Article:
1. Glimmer. A warrior descends to a planet shrouded in darkness. She has come to restore light and life to it at any cost.
This story takes the fight between darkness and light in a very literal sense. The world it presents is stark and barren, with little to distract from the drama at its core. It is another epic in miniature, where the great battle is in the heart of its main protagonist, more than the outer world that she is trying to save. And indeed, her intense earnestness is a very large part of why I like this story so much.

50 Down…)

As I said, I’m very proud of these stories, and I could have certainly made a case for any of the top several being my favorite of all time.

Now I know that none of these works aren’t perfect. I’m aware of pacing issues, inconsistencies, and awkward phrasing in even my favorite stories. And I don’t even mean in the sense of “no story is perfect,” I mean I could do better than this if I gave myself more time. This is why I don’t try to pan any of this off as professional work, and I wouldn’t publish any piece as a commercial product without first putting it through extensive rewrites.

But that is simply the nature and intent of this blog. I have an idea, I explore it for a while, and then I move on. The purpose of these exercises is not to make commercial products, it is to sift through the seeds and find which ones would be worthy of a more thorough production later on.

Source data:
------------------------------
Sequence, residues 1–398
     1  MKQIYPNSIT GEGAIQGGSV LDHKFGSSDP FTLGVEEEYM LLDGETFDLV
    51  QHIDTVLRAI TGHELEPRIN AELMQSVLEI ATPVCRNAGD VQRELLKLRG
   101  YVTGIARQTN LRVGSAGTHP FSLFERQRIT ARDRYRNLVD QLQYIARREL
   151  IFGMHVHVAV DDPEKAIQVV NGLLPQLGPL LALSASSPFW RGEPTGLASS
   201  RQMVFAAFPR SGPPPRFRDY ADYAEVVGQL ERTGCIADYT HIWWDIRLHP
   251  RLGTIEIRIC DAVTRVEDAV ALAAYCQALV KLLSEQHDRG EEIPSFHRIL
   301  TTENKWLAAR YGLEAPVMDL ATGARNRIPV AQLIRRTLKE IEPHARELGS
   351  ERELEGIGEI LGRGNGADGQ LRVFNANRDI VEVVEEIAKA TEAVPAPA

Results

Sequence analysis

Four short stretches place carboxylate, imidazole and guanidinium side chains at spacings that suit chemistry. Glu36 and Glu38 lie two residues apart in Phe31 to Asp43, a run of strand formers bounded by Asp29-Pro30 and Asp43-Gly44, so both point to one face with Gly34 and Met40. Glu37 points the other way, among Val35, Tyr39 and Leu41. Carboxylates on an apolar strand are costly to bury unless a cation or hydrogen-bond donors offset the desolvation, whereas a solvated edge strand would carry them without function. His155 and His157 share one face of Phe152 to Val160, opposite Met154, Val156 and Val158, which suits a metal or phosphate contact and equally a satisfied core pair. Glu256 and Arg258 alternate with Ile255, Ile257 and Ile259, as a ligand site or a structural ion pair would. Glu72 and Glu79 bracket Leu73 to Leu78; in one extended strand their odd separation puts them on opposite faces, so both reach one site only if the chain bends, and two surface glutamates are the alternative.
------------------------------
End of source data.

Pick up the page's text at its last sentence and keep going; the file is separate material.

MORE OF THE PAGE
Some of these I’ve discarded and don’t expect I will ever return to, some of them show a bit of promise if I can just figure out a better approach, and some of them are the beginning of something special.

And I do intend to fully develop some of these ideas down the road. In fact, I’ve already started to do so with one.

…Many More to Go)

But for as many seedlings as I’ve started, I’m nowhere near ready to stop planting more. The pool of ideas is simply too large to stop processing them. And if I do say so myself, I’ve still got some of my best ideas yet to come. In fact I’ve already queued up a few of them for the next story series I publish.

In closing, thank you for being here with me through this long self-examination. These tales have so very much of me laced through them. I wrote them first and foremost for my own benefit, and am forever awed that there are others of you who seem to enjoy them as well.

I do believe that stories is one of the best ways we have to connect to each other. As we each find a part of ourselves in the same themes of the same story we find our common ground.